WEDNESDAY, May 9, 2018 (HealthDay News) – Since 2016, each US blood donation has been individually tested for the Zika virus. A new study suggests it's not worth it.
Researchers of the American Red Cross found that out of about 4 million donor blood samples tested over 15 months, only eight were positive for mosquito-borne Zika viruses. Even fewer were potentially infectious.
And all came at a cost of nearly $ 42 million, the researchers reported.
Experts said it was a waste of money and precious laboratory resources – and that could control Zika's blood supply
"We do not argue that we should not seek it," said Senior Researcher Susan Stramer, Vice President of Scientific Affairs at the Red Cross.
The problem, she said, is in the way it's done.
Under the guidance of the US Food and Drug Administration of 201
And based on the new findings, it looks like it's "over the top".
The Zika virus is a mosquito-borne infection. If contracted during pregnancy, it can cause serious birth defects such as microcephaly – an abnormally small head and brain.
In 2016, 5,168 cases of Zika-related illnesses were reported in the United States. According to the United States Centers for Disease Control and Prevention, the virus generally causes fever, rash, headache and joint or muscle pain.
This year, according to the CDC, US states have reported 21 cases – all in people who had traveled to parts of the world severely affected by Zika, such as the Caribbean, Central and South America
often causing the infection but no symptoms, which means that people who carry the Zika virus can unknowingly donate blood  In August 2016, the FDA said that all US blood donations should be individually screened for Zika gene material using a newly developed test.
Previously, the Red Cross had only investigated donor blood in states with suspected Zika transmission risk. This was achieved through so-called "mini-pool" tests: Instead of testing each donation individually, Stramer explained, the blood was tested in batches of 16 donors each. This makes the process more efficient, she noted.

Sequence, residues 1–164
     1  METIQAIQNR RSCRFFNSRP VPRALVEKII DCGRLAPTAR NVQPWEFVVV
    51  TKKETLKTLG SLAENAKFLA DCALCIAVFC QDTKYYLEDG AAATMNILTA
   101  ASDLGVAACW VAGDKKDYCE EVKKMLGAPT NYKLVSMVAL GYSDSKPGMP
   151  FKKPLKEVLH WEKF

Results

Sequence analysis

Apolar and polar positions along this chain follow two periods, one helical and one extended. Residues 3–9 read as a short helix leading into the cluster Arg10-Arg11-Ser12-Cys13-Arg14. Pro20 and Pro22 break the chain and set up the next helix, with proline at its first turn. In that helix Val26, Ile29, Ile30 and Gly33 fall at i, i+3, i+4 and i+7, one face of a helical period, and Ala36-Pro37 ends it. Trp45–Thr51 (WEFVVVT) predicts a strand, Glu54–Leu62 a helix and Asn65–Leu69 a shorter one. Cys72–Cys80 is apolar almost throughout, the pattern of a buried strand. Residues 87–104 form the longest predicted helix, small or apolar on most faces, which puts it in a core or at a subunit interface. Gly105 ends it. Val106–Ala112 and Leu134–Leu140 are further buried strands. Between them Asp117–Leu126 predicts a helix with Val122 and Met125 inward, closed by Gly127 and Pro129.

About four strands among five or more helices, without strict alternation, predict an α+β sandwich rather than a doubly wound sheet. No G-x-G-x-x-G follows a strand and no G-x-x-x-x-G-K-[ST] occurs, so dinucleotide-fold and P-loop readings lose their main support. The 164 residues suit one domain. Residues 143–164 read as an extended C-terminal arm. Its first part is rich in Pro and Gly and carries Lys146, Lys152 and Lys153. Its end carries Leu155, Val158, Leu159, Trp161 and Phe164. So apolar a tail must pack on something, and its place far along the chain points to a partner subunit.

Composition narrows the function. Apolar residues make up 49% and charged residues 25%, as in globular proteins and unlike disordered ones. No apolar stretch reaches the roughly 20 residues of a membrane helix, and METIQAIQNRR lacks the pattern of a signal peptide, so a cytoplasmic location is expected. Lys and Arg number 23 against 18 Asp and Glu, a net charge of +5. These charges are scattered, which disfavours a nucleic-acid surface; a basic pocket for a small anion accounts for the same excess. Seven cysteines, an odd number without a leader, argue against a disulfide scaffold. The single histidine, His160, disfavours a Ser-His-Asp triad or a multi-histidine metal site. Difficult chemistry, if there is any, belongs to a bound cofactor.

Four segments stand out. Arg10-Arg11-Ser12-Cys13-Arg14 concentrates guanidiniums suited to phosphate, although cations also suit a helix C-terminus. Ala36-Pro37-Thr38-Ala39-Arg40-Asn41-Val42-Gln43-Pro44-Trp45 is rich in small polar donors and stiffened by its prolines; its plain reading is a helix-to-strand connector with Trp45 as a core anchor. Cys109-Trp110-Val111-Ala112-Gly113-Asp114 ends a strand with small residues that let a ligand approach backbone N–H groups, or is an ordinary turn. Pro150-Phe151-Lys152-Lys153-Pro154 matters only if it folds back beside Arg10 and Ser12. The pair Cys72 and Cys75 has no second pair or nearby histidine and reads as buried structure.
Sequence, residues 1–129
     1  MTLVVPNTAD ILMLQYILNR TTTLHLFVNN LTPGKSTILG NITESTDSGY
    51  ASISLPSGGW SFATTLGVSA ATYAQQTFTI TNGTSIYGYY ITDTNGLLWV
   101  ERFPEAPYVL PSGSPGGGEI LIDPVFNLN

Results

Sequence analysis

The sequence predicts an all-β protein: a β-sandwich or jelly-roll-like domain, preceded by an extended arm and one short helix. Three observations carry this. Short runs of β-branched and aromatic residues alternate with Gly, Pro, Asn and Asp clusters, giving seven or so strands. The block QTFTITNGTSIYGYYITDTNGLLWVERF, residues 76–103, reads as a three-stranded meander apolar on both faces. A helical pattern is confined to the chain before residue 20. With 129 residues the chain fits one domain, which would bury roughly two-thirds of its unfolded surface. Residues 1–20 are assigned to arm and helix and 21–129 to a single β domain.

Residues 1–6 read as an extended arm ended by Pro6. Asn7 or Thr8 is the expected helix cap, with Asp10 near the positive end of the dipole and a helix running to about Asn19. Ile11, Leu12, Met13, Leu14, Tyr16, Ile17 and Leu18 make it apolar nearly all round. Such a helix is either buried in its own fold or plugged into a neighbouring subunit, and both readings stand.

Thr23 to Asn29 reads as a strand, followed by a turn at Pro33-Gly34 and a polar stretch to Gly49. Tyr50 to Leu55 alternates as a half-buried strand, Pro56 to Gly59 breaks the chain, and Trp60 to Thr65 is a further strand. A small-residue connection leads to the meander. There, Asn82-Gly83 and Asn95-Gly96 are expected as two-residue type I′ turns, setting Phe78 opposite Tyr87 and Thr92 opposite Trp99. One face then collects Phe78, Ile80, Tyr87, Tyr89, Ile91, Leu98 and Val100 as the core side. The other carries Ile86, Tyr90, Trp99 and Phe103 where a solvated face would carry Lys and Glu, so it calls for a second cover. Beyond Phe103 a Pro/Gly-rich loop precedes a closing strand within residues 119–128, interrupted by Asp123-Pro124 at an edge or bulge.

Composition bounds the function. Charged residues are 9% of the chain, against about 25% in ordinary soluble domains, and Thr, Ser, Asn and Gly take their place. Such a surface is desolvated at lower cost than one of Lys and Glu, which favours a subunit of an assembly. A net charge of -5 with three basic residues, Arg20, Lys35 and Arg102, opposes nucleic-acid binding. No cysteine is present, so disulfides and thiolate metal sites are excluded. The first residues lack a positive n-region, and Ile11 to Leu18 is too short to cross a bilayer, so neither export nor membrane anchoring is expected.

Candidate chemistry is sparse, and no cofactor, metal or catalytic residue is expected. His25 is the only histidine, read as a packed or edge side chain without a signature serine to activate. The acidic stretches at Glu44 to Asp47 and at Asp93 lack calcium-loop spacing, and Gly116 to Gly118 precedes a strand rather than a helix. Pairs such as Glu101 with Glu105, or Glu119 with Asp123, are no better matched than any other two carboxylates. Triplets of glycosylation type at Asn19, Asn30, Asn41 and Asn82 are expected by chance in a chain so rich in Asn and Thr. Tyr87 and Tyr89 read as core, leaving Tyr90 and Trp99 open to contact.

Minipool tests are nothing new, Stramer said. As used in the study of donor blood for HIV and the West Nile virus.
After the FDA guidelines were released, the Red Cross switched to individual blood samples for Zika.
Stramer's team found this over 15 months and tested nearly 4 million individual samples, screening nine samples that were positive for Zika. One of them came from a person who had received an experimental Zika vaccine – which means that eight people had mosquito-borne infections.
Of these donations, only four appeared potentially infectious,
The total cost of the screening approached $ 42 million, the study found. In other words, it cost nearly $ 5.3 million to receive a Zika-positive donation.
The results are published May 10 New England Journal of Medicine .
It's not clear what the risk of infection is from donor blood, Stramer said. But there were four cases, all in Brazil, where people were apparently infected by blood transfusion with Zika. However, none of them became ill.
"To my knowledge, there were no [disease] cases of blood transfusions," Dr. Evan Bloch of the School of Medicine at Johns Hopkins University in Baltimore
Bloch, who wrote an editorial published in the study, agreed with Stramer in the bottom line. Donor blood screening for Zika is reasonable, but the current process is flawed.
"It could be modified to a more rational approach," said Bloch.
Both he and Stramer specifically pointed to the minipool approach  Money is not the only problem, according to Stramer. Individual tests require laboratory capacities that are also needed for screening blood for other infectious agents.
"We need a test approach that is more proportional to risk," said Stramer
The World Health Organization has more on Zika virus.
SOURCES: Susan Stramer, Ph.D., Vice President, Scientific Affairs, American Red Cross, Gaithersburg, Md .; Evan Bloch, M.B., Ch.B., M.D., Assistant Professor of Pathology, Faculty of Medicine, Johns Hopkins University, Baltimore; May 10, 2018, New England Journal of Medicine